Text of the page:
Over the last year, Americans for Responsible Solutions commissioned considerable research to understand the attitudes and opinions of Americans on guns and gun violence. This research, including surveys and focus groups, focused primarily on swing and Republican leaning states. While strong majorities in every state have supported some tighter gun policies, women in particular advocate broader changes and support stronger laws.

To be sure, a partisan tilt towards Democrats drives some of women’s stronger support, but it does not account for all of it. In particular, independent women are far more open than their male counterparts to reforms, and in some cases, so are Republican women.

Women are more likely to want stronger gun laws, are less favorable towards the NRA (in only one state, Alaska, did 50 percent of women rate the NRA favorably), and believe it is more important to protect people from gun violence. Women, especially Hispanic women, moms, and unmarried women, are more open to messaging on guns and shift towards candidates with pro-gun violence prevention messaging and/or supporting stronger gun laws.

The following highlight findings from statewide surveys of registered and likely voters in Arizona, New Hampshire, North Dakota, Nevada, Alaska, Virginia, and Texas.

Women Support Stronger Gun Laws

In every state surveyed by Americans for Responsible Solutions, women were more likely to support stronger gun laws than men, as opposed to keeping the laws as they are now or supporting looser laws. The gap between men and women ranged from 17 points in Alaska, to 10 points in North Dakota.

While, generally, Democratic men and women supported stronger gun laws at similar rates, independent women and Republican women support stronger gun laws at higher rates than men in their respective parties. For example, in Texas, 41 percent of independent women want stronger gun laws compared to 29 percent of independent men, and there was a 15 point gap between Republican men and women. In Alaska, the gap between Republican men and women was 19 points, with almost a third of Republican women supporting stronger gun laws. In Virginia, 58 percent of gun-owning women want stronger gun laws compared to 44 percent of gun-owning men.

  Figure 1: Stronger Gun Laws by Gender

Figure 1: Stronger Gun Laws by Gender

Women support specific gun policies at rates higher than men do as well. While broad majorities of men and women support background checks, we see significant differences between men and women, again especially among independent and Republican women.

In North Dakota, 81 percent of independent women support background checks while only 69 percent of independent men support them. The numbers are nearly identical among Republicans (83 percent support among women; 65 percent support among men). In Texas, Democratic, independent, and Republican women support background checks at a similar rate, while their independent and Republican male counterpoints drop off. And in Alaska, there is a dramatic 20 point gap between independent men and women and a 25 point gap between Republican men and women.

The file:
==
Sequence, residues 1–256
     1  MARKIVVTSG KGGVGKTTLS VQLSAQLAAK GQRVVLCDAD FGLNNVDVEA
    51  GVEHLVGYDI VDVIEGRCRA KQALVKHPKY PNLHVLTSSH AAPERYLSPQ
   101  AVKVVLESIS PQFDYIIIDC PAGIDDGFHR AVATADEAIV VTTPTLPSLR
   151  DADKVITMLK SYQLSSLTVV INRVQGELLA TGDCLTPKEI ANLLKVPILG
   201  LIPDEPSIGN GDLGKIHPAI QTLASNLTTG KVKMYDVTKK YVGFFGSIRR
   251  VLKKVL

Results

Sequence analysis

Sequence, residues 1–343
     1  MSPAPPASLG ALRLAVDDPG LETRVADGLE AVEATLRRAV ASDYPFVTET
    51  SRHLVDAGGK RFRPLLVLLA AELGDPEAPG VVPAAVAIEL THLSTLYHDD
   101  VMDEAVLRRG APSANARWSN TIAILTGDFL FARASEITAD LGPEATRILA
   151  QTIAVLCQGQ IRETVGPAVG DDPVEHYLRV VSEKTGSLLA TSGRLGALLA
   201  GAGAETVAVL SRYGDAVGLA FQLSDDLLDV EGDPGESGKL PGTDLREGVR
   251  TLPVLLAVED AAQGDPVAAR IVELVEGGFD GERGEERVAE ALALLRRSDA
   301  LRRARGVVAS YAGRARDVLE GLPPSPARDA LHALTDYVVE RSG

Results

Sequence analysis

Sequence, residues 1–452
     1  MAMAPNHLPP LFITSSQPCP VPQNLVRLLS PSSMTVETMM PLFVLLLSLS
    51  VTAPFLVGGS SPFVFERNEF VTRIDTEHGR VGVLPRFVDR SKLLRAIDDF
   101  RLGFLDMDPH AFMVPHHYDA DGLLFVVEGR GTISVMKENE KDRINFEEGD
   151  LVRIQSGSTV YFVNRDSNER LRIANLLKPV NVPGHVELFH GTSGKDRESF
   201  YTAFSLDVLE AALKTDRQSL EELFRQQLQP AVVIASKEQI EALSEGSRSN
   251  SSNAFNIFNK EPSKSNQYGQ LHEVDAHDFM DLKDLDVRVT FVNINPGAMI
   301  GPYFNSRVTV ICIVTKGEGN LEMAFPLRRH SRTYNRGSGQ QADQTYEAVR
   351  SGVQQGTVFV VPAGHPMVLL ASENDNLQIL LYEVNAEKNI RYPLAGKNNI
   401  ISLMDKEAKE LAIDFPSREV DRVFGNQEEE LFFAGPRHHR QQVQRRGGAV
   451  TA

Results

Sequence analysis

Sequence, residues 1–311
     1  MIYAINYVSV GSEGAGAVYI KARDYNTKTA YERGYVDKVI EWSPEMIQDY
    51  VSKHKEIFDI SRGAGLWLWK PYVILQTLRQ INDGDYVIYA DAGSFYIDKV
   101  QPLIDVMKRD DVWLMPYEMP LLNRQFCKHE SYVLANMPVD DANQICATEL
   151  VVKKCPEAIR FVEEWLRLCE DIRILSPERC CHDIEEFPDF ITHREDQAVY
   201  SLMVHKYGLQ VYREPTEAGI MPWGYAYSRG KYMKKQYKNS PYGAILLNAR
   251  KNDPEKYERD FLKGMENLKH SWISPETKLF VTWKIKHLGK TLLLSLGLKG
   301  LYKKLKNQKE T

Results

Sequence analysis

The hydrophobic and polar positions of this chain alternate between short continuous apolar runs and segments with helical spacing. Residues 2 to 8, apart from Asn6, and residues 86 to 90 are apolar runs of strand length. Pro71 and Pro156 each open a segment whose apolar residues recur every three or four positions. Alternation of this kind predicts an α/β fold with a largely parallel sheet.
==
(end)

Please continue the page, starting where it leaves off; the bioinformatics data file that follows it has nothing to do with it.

Figure 2: Background Checks by Gender

Figure 2: Background Checks by Gender

While background checks generate as close to universal support as any policy can, banning assault weapons and high-capacity magazines can divide voters in conservative leaning states. The gap between men and women grows with these additional restrictions.

Banning assault weapons enjoys support among 70 percent of the women in Virginia, while only 46 percent of men support it. In Texas, 60 percent of women support a ban compared to 37 percent of men. In Texas in particular, banning assault weapons boasts much stronger support among women of all parties: nearly 50 percent of independent women and Republican women want them banned, compared to 33 percent of independent men and 14 percent of Republican men. The trend is nearly identical with banning high-capacity magazines.

Finally, there is broad support for laws that are more likely to protect women, including domestic abusers, stalkers, and those with restraining orders turning in their guns. Democratic, Republican, and independent women support these laws at nearly identical rates, while Republican and independent male support drops off by about 20 points. Clearly, while many issues are divided by hyper-partisanship, there is much women of all political parties can agree on when it comes to our gun laws.

Women Are Important Electoral Targets for Gun Messaging

Women are less likely to support candidates who oppose background checks. In Arizona, for example, 52 percent of women are less likely to support Senator Flake because of his opposition to background checks, 16 points higher than men. Women are also more likely to respond positively to messaging on guns. In particular, unmarried women, independent women, moms, and Hispanic women are considerably more likely to shift towards candidates or stronger gun laws after hearing messages on both sides of the gun debate. In Texas, Hispanic women—the key to elections in many southern and western states—swing especially hard towards supporting strong gun laws.

  Figure 3: Messaging Progression by Race and Gender

Figure 3: Messaging Progression by Race and Gender

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